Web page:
Children younger than 3 years of age should avoid chunky peanut butter and cut-up hotdogs due to the risk of choking. Children under two years of age should not have peanut butter at all because of the risk of choking; however, if they really want it, the peanut butter can be mixed with applesauce. The color will not be too attractive, but the risk of choking will be reduced. If more than one serving is mixed at a time, the mixture must be refrigerated; otherwise, it will quickly mold due to the high moisture content of the applesauce.
Receiving adequate nutrition is important for all children to help them grow and stay healthy. However, consuming sufficient calories and protein is even more important for children with cancer since the disease typically increases their nutritional needs. But since every child is unique and tolerates treatment differently, the child's health care team will individualize the nutrition plan. A dietitian can determine your child’s specific calorie and protein needs.
Children with cancer need proper nutrition to:
The treatment of cancer can be difficult for individuals of any age. It is important that children with cancer receive supportive care from the entire health care team, such as doctors, dietitians, and child life therapists, to make the nutritional aspects of treatment less difficult. Suggestions such as creating a child-centered environment, making tasty high-calorie snacks, and offering alternatives to oral nutrition are all part of supportive care. If your child is having trouble eating enough calories and protein, your child’s doctor or dietitian may suggest serving a high-calorie and high-protein diet. This will ensure that each bite has the highest nutritional value possible.
Foods high in protein include:
Puddings and yogurts packed for children typically contain high amounts of protein and are often appealing to your child. Dried beans and peas are also high in protein, but because they cause gas may not be the best food choice for your child.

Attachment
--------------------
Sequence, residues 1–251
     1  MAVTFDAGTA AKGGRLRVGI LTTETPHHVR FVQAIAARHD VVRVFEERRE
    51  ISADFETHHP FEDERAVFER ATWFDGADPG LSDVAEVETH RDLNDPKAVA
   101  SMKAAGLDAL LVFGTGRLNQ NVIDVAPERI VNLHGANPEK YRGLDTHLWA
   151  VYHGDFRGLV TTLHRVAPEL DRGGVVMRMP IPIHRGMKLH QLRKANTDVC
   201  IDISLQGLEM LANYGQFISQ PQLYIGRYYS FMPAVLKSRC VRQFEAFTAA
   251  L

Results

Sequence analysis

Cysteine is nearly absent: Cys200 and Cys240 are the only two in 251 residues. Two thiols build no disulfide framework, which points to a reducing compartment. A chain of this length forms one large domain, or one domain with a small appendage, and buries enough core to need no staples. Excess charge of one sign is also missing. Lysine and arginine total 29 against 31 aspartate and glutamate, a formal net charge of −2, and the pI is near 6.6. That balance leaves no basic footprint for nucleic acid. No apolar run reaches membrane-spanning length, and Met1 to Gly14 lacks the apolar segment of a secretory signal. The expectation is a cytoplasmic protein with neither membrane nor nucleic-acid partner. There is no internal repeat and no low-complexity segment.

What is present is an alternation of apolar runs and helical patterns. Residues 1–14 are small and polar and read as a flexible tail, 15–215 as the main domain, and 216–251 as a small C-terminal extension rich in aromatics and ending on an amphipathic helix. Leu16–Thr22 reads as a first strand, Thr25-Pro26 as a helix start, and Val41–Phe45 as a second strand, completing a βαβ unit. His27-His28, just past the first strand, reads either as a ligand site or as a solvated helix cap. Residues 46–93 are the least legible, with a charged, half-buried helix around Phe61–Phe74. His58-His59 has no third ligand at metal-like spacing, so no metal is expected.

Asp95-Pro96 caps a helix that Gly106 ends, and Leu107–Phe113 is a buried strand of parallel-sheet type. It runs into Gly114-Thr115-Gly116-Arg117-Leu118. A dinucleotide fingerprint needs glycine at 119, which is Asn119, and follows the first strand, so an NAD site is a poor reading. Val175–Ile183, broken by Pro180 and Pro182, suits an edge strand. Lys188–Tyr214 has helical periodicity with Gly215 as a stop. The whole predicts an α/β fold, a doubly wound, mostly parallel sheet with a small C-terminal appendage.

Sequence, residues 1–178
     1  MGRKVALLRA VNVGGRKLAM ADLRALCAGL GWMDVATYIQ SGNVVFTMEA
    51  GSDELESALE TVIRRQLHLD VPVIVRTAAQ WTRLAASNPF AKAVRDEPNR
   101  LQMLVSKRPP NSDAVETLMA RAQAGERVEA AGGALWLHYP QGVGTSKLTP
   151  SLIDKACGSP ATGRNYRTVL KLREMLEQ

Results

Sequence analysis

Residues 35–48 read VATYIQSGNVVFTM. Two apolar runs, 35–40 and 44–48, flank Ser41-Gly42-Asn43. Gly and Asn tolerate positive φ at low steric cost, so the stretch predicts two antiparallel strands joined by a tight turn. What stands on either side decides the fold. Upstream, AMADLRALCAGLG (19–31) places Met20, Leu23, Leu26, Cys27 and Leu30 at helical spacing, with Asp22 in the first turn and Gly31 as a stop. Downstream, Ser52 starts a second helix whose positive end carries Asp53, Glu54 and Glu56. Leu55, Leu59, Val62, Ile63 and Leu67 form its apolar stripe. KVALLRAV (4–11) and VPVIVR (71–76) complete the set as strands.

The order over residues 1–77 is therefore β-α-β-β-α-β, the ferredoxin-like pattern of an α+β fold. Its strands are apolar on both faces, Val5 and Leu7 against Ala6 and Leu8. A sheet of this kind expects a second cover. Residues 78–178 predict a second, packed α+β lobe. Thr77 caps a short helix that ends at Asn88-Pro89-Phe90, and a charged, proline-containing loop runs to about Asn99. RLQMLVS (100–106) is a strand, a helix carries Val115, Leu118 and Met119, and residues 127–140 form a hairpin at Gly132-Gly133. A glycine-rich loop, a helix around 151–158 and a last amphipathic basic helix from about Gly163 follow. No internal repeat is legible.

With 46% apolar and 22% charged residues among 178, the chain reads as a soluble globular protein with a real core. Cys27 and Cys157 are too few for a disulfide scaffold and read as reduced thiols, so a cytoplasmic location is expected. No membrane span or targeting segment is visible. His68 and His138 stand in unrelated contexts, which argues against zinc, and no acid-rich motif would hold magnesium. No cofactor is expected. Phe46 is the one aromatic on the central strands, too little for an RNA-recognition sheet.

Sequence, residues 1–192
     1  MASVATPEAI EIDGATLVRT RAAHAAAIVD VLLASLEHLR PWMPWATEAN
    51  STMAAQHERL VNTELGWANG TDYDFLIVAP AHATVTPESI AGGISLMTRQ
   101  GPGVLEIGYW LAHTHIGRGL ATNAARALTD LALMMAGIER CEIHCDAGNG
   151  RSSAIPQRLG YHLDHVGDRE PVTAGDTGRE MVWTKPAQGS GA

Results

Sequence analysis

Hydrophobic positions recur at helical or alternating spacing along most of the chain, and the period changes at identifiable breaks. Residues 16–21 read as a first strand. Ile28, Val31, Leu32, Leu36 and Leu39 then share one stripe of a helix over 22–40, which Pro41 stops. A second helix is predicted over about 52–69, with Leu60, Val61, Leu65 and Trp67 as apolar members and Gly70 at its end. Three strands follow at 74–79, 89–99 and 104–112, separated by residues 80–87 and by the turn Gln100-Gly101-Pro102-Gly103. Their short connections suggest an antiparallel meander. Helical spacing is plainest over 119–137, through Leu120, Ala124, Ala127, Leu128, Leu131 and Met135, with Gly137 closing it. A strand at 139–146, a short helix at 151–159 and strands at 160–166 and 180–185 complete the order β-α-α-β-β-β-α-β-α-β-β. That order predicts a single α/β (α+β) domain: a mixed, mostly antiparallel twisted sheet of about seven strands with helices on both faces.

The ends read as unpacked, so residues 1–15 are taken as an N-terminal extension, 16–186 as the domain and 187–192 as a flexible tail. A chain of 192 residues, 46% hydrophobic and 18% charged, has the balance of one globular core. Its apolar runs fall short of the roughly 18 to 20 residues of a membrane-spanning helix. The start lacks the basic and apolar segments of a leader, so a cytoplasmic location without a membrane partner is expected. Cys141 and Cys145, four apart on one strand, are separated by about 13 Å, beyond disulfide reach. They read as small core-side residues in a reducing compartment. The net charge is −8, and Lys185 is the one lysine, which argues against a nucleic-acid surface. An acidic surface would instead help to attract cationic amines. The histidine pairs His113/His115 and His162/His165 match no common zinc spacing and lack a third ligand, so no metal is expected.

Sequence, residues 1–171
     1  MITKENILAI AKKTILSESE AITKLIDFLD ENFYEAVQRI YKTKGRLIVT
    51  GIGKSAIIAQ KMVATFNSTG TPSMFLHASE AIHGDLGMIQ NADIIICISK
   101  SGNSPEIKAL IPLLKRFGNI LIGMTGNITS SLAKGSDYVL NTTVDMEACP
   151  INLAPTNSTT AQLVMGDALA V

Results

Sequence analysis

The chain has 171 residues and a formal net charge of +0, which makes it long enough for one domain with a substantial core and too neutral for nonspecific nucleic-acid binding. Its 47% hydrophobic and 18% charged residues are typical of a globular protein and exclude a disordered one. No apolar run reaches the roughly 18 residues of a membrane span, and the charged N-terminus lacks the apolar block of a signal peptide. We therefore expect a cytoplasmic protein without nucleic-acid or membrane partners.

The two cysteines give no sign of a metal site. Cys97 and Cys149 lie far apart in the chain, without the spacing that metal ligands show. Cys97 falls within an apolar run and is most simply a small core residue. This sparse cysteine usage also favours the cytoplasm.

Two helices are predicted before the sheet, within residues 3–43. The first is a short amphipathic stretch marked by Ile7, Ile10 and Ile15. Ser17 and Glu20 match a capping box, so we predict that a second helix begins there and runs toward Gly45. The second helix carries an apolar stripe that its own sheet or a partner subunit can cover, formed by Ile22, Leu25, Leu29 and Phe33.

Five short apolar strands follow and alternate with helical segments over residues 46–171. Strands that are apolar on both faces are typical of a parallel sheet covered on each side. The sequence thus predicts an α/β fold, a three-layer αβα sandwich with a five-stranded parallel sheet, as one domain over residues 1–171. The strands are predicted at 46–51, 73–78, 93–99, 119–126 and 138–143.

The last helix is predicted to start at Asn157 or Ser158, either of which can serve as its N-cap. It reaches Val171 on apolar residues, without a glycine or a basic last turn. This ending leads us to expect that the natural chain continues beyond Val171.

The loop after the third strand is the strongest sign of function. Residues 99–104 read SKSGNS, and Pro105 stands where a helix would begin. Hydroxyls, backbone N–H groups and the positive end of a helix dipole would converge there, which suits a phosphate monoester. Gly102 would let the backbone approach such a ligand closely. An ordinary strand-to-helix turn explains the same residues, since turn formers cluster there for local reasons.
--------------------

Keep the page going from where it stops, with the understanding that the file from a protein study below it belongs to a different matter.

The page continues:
Listed below are foods you can use to add calories and protein to your child’s meals and snacks:
Add raw eggs and egg substitutes only to dishes that will be cooked. Do not use raw eggs or egg substitutes in uncooked dishes for children, especially those whose immune systems have been compromised.
Egg Beaters add 25 calories and 5 grams protein per 1/4 cup. Do not use raw eggs or egg substitutes in uncooked items.
Wheat germ is fiber. It is okay as long as the child is not having stomach or bowel problems. It should only be taken orally, not in a tube feeding.
Three ounces of thickened baby meat is an ample meat serving. Place thickened baby meat on top of mashed potatoes and stick broccoli flowerets in the potatoes. Call it “a river on a mountain of mashed potatoes with broccoli trees.”
If your child’s doctor tells you that your child has lactose intolerance, you will want to be sure your child’s calcium needs are met from products besides milk. Some other ways to include calcium in your child’s diet include:
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